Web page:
- Assembly and Inspection – Assembly areas, one of the most important areas in any facility, can require five to eight times the amount of illumination of other areas. The configuration of work cells and specific task requirements will determine the overall needs of the lighting system. Task lighting at workstations offers the most design flexibility and optimal energy benefits, while allowing adjustments for personal comfort. The defect identification process will dictate whether inspection lighting needs to be more or less diffuse, come from a particular direction and whether higher color rendering light sources are needed in order to accurately identify product attributes.
- Warehouse and Logistics – Storage and equipment configuration will determine the best luminaire photometric distribution for achieving uniform, glare-free illumination, particularly on vertical surfaces where reading case labels are critical for product and part identification. The use of occupancy sensors is recommended to help optimize energy savings. Lighting in this area should always be flexible to highlight areas at times of high traffic and potential conflict, such as loading docks and fork truck drive lanes.
- Administration Spaces – Front office areas should not be overlooked for lighting upgrade opportunities. Recent advancements in lighting technologies and controls can realize energy cost reductions of 20 percent or more.
- Exterior Areas – Safety, security and maintenance concerns for building perimeter and parking areas with older lighting systems can easily be addressed with longer life, better lighting options. Light trespass and sky glow should be considered to minimize environmental impact and maintain good community relations.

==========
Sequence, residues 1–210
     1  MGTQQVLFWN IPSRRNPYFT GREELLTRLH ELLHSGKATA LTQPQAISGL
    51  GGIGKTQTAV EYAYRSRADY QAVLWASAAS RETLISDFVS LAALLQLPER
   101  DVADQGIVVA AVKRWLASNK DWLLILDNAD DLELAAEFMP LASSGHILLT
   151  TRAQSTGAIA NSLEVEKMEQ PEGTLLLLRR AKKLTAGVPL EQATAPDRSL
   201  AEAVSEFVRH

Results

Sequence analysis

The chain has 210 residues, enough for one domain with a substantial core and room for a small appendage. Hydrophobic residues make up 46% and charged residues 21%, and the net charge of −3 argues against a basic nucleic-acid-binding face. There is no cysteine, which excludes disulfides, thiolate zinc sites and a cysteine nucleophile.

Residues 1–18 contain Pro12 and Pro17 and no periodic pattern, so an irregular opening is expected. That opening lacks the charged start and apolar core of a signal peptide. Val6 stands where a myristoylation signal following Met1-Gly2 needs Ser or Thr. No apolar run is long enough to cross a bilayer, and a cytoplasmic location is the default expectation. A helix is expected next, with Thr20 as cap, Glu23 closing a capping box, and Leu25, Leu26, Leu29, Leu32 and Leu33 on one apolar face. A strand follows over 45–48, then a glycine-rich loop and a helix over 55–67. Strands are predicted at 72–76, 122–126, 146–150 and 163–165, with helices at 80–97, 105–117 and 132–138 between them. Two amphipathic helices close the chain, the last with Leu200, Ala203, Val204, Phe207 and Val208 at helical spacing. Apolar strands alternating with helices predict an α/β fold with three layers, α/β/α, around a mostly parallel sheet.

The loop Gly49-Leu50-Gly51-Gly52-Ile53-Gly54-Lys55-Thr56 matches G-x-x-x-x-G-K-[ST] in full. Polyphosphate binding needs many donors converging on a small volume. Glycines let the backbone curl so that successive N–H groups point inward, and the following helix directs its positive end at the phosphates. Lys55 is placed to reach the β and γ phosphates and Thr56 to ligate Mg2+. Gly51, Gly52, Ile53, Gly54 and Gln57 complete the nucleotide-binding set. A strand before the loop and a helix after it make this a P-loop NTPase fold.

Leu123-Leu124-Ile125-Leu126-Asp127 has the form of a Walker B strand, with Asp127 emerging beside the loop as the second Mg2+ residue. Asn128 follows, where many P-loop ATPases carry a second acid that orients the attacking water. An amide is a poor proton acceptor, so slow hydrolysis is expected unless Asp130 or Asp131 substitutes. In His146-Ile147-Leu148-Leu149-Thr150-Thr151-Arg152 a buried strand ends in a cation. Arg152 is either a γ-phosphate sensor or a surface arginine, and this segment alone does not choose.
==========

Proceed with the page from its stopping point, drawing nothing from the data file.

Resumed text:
- Signage and Wayfinding – Illuminated signage is a great way to reinforce and refresh brand identity. Additionally, wayfinding provides visual cues for visitors, employees and first responders in case of emergency.
- Special Environments – There are a wide range of environmental constraints such as temperature, humidity, vibration and cleanliness requirements to process parameters that can affect the selection of light sources. These should be considered when determining what lighting is best suited for a given area.
Go green, save green
Given the large amount of square footage that needs to be illuminated in a typical manufacturing or distribution facility, executives should evaluate each of these opportunities for improvement. They don’t have to do it alone though. A thorough design audit by a provider of lighting and energy solutions like SYLVANIA Lighting Services can identify where improved lighting is needed in a facility. Lighting professionals can also provide a cost, benefits and ROI analysis modeling on a variety of lighting system options to help determine what will be the most cost-effective solution for a given facility.
Green facilities aren’t just healthier for people and the planet. With possible energy savings of up to 70 percent on the table with a fully integrated lighting control system, today’s advanced lighting systems are healthy for the bottom line as well. Employing systems that reduce a facility’s environmental impact builds a positive image for your brand and saves dollars on energy use and facility maintenance. Between evolving regulations, increasing utility rebate opportunities and the savings that pursuing sustainability can bring to your facility, there’s never been a better time to flip the switch.